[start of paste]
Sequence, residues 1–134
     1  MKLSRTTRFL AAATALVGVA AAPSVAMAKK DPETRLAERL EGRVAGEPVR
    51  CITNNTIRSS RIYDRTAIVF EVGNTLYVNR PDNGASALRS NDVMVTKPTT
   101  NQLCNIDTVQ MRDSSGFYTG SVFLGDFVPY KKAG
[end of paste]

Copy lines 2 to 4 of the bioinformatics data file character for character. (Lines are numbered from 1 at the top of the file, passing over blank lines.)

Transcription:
     1  MKLSRTTRFL AAATALVGVA AAPSVAMAKK DPETRLAERL EGRVAGEPVR
    51  CITNNTIRSS RIYDRTAIVF EVGNTLYVNR PDNGASALRS NDVMVTKPTT
   101  NQLCNIDTVQ MRDSSGFYTG SVFLGDFVPY KKAG